While the diagnoses and treatment of sport-related concussion have well-established guidelines and protocols, a new study from UBC’s Okanagan campus is looking at a previously understudied group—women survivors of intimate partner violence. The hope is to develop a simple screening tool to help front-line services, like women’s shelters, identify traumatic brain injury earlier.
Dr Paul van Donkelaar is lead researcher and a professor with the School of Health and Exercise Sciences. He reports that there is currently little direct evidence for the potential link between intimate partner violence and traumatic brain injury–induced brain dysfunction. In many cases, survivors of intimate partner violence don’t necessarily know they have had a traumatic brain injury, and yet they are suffering from chronic symptoms including headaches, dizziness, and difficulty remembering. Further, if a brain injury is diagnosed, it might be several months or years after the initial damaging blow took place. And was it caused by one blow, multiple attacks over several months, or from being shaken or even strangled?
While diagnosis is a challenge, there also remains a social stigma with intimate partner violence. Van Donkelaar says many women who do seek medical help may not tell the truth when asked how the injury occurred. For these reasons alone, van Donkelaar and his research team want to make concussion assessments and care for survivors of intimate partner violence accessible and straightforward.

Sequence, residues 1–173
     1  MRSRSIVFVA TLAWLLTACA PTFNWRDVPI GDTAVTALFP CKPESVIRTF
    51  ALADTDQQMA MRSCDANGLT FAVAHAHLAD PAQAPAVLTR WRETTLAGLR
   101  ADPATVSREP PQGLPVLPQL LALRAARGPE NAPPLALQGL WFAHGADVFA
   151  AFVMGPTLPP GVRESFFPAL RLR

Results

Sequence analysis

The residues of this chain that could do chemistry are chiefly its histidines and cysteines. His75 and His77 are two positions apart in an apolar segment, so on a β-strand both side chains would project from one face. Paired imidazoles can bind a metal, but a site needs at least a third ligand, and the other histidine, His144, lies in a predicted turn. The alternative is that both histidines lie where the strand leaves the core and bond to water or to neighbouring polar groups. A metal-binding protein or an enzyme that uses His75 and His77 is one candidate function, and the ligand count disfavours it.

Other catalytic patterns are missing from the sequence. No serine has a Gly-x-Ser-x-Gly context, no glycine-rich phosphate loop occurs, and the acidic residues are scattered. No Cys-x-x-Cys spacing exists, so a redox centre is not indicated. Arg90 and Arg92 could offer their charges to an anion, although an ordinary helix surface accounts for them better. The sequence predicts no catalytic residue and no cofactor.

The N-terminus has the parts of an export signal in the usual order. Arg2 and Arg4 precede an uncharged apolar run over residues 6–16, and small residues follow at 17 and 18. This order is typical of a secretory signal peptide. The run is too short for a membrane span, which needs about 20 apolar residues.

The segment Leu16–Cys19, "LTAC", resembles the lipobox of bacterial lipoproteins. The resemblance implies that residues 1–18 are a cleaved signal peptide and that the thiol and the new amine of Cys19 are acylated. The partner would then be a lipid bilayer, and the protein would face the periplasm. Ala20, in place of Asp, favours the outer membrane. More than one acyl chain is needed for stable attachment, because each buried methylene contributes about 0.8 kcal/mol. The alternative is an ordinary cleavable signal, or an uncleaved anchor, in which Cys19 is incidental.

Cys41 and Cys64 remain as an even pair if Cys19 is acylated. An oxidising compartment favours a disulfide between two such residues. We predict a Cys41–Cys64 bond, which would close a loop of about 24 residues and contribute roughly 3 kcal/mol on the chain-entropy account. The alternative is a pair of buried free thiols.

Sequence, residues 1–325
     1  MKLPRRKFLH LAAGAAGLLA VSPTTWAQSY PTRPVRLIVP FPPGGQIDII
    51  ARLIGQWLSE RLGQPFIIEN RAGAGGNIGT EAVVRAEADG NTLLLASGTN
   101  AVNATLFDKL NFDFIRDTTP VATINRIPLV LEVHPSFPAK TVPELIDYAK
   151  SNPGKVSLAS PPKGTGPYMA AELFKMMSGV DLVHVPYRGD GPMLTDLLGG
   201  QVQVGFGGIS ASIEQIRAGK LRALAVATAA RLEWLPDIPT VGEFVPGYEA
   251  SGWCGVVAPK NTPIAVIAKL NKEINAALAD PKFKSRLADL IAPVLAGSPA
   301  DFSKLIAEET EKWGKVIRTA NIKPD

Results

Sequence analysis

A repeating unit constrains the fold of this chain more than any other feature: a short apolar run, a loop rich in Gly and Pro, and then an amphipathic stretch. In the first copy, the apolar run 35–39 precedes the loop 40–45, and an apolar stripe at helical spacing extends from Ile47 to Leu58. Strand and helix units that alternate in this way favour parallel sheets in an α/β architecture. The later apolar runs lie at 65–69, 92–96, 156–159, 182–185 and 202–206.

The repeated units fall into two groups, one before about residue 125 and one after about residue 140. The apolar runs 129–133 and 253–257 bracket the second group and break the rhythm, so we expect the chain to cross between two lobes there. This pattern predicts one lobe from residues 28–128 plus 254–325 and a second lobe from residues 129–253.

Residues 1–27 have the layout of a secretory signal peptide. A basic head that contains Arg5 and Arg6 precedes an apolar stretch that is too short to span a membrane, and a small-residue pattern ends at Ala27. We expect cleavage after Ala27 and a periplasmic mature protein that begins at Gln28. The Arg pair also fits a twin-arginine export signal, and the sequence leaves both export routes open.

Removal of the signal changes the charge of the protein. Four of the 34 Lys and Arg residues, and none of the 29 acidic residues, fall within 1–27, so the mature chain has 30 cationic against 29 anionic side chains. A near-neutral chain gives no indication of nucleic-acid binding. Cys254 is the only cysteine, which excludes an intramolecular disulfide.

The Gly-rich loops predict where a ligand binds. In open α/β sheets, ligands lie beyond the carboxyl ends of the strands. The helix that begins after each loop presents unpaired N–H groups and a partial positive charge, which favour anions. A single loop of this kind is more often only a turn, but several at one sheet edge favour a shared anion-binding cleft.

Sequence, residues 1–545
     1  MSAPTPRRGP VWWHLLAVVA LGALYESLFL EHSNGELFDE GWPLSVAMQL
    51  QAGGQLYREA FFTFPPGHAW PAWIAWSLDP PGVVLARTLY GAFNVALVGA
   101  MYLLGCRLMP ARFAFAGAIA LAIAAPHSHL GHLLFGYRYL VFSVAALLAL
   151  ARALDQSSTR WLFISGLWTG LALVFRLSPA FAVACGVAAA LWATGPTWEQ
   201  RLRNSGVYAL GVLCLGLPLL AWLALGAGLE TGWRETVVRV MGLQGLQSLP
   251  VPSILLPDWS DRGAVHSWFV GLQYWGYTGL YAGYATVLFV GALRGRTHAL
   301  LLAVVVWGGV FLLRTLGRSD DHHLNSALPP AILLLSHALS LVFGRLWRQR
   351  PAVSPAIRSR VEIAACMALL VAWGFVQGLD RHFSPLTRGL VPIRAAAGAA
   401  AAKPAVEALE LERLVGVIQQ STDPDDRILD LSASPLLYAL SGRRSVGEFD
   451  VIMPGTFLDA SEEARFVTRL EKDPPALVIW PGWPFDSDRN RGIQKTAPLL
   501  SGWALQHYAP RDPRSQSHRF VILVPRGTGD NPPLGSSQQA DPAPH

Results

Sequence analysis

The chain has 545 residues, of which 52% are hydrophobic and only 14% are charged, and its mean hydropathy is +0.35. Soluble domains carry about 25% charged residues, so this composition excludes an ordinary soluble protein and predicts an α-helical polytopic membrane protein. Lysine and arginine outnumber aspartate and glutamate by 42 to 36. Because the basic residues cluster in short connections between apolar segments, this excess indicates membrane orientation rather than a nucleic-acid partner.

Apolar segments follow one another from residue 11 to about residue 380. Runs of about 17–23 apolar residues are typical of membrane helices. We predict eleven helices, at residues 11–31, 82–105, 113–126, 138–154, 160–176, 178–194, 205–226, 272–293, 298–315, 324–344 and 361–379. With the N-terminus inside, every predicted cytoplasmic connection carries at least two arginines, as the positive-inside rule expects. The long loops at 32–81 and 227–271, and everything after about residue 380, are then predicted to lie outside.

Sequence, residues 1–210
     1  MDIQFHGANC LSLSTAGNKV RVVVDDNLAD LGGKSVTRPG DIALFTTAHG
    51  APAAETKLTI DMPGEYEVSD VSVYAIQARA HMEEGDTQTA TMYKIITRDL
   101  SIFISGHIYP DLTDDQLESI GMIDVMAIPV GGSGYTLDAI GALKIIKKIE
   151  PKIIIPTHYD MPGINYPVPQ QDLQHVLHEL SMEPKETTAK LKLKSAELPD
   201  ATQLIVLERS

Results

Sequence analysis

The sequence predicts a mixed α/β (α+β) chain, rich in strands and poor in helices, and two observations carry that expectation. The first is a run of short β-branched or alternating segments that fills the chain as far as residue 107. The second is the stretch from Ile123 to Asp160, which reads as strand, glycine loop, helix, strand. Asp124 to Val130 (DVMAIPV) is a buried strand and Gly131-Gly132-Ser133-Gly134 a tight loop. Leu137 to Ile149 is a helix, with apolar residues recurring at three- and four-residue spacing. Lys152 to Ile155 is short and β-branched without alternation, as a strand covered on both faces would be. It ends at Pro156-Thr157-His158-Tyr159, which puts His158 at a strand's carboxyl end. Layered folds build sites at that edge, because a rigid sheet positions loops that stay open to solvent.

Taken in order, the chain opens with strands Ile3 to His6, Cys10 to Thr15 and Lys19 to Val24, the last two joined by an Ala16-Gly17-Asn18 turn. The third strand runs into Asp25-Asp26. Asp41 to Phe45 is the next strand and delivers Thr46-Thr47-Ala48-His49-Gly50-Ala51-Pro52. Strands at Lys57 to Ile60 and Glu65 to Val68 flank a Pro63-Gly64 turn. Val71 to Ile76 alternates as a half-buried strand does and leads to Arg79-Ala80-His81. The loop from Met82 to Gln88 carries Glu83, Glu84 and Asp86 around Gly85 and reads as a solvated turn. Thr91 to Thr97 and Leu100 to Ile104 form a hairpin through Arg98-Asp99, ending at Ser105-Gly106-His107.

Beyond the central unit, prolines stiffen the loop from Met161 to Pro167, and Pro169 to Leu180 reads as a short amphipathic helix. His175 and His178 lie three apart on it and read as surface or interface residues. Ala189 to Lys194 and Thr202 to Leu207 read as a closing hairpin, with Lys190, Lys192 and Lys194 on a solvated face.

For this latest research, the team used two brain injury questionnaires—the Brain Injury Severity Assessment tool (BISA) and the Sport Concussion Assessment Tool (SCAT5)—to get a better sense of the symptoms experienced by survivors. Eighteen women took the part in the study.
The research, published in Brain Injury, determined that by using the BISA test, which asks questions about symptoms resulting from episodes of intimate partner violence, more brain injuries were reported by the survivors. The study determined that each participant had suffered at least one previous traumatic brain injury, and most had suffered many.
The findings from the current investigation can be used to develop informed screening tools to help front-line staff at women’s shelters identify a brain injury as a possible factor in the symptoms experienced by survivors of intimate partner violence. Van Donkelaar says providing these practical support resources to survivors will improve their chances of breaking the cycle and enable them to move forward into an abuse-free future.
The study is available at https://doi.org/10.1080/02699052.2019.1658129.
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